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Maybe you like to shop with your kids. Maybe you don’t. Either way, there will be days when you and your children go grocery shopping together. Here are some ways to get the job done.
Make a list. A shopping list gives you a sense of purpose. It ensures that you will remember to buy the foods you need, and it keeps you from buying foods you don’t need or want in your home. Enlist your children’s help when you make your list. Tape a list of grow foods to your refrigerator and ask your children to check them off when they are used up so that you can add them to your shopping list. Ask your kids which grow food they’d especially like, including, of course, a few acceptable treats. You might compare your shopping list with the traffic-light list. (Maybe you even have it posted on your refrigerator.) Be sure your shopping list contains mostly green-light grow foods, and perhaps a few yellow-light foods. Ignore the red-light foods.
Go directly to the grow foods. As you enter the supermarket, say to your child, “We’ll skip the junk-food aisles and go to the grow foods. Let’s find the fruits and vegetables.” Avoid dragging your kids past displays of stuff you’re not going to buy.
Ask kids to help. Kids love to bag apples, pick out lettuce, find foods on the shelves, and put things in the grocery cart. You could include pictures on your list of what to buy, or have your first-grader practice reading the words on your list.
Shop the perimeter. Many stores are arranged with the produce, meat, and dairy foods around the perimeter of the store, and the more processed foods in the aisles in the middle. Stick to the outside for fresh foods and skip the junk-food and pop aisles.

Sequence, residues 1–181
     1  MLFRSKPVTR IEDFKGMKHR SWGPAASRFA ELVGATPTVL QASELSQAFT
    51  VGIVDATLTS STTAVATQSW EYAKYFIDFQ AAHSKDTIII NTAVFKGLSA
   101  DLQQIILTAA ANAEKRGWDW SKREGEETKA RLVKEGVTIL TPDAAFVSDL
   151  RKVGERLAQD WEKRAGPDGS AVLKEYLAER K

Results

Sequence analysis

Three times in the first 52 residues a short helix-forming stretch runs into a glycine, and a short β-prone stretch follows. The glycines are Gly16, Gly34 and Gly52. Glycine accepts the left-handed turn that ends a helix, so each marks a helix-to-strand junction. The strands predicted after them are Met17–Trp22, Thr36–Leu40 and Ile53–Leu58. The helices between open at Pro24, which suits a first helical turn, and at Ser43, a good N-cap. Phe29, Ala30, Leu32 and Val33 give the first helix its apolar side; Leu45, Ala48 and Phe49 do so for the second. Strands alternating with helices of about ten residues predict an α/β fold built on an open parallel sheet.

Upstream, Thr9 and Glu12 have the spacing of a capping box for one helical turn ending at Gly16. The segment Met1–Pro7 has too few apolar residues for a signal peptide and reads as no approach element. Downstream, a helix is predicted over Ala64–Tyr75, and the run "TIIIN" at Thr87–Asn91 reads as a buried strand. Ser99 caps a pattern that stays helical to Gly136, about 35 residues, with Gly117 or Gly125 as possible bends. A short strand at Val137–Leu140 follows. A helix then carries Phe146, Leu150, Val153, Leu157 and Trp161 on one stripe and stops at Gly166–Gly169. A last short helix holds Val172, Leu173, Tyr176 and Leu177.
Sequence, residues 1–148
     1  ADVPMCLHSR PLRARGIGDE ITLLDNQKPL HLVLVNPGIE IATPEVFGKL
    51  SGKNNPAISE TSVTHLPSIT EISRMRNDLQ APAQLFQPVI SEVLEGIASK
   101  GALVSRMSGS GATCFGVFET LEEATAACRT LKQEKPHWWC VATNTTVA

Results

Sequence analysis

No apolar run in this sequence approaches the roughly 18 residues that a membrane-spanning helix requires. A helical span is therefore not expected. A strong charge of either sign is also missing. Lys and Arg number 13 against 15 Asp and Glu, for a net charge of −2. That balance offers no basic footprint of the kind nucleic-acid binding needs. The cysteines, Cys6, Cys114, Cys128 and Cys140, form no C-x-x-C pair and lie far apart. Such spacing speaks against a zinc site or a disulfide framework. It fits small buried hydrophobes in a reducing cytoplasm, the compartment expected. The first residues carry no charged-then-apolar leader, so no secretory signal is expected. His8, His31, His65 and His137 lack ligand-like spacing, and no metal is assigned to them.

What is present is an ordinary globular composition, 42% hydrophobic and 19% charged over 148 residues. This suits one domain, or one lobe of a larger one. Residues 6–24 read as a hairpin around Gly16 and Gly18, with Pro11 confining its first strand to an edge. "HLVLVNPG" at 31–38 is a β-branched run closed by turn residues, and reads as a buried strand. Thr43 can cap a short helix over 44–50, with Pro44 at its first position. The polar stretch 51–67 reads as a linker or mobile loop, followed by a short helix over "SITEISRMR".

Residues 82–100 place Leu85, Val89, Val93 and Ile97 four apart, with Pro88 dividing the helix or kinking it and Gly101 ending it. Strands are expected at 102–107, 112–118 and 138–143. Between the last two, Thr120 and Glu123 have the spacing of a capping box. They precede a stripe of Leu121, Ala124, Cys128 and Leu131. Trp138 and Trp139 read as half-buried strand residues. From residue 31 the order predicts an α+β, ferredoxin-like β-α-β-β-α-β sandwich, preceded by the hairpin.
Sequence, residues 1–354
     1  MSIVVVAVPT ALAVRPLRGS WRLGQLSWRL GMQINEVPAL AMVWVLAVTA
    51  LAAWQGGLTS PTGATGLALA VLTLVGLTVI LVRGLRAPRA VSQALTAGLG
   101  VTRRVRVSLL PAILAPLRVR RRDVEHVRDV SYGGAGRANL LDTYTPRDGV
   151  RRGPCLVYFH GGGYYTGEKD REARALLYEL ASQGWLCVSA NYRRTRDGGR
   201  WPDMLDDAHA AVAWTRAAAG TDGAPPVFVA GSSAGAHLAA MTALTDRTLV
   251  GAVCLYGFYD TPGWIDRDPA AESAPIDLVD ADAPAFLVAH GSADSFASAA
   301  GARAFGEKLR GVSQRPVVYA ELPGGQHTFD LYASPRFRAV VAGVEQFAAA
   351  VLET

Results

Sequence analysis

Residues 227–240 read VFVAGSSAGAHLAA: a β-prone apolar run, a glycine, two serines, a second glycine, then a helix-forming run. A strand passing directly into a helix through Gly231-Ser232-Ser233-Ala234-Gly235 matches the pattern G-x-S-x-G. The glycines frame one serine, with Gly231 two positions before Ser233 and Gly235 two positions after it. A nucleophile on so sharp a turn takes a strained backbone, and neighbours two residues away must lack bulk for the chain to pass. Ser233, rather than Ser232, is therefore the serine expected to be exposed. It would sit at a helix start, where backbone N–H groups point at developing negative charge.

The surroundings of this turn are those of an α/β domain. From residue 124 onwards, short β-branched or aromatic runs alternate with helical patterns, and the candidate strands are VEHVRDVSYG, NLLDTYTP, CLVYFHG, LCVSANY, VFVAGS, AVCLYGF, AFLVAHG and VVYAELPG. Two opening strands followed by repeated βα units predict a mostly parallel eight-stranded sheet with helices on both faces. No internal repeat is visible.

Get away from “red-light” foods. Besides saying, “We only shop the perimeter,” tell your inquisitive child, “There is an aisle in the supermarket that we just don’t go down.” “Why?” she’s likely to ask. “Because that aisle contains red-light foods, those with the three ‘bad words’ on the label: high-fructose corn syrup, hydrogenated oil, and a color with a number, like red #40.”
Practice numbers and colors. Kids can practice math and language skills at the supermarket. Count “one, two, three, four apples.” Talk about what costs more and what costs less. Calculate prices per serving or per pound.
Just say no! You can’t get out of the store without going through the checkout lane, with all of its last-minutes temptations. So prepare for last-minutes appeals for candy by picking out healthier treats elsewhere in the store and handing them out while you wait in line. Remind your child, “We just don’t eat that stuff in our family. Remember, we got you that special juice (or whatever) for a treat. For now, here a handful or Mighty Bites (or whatever).”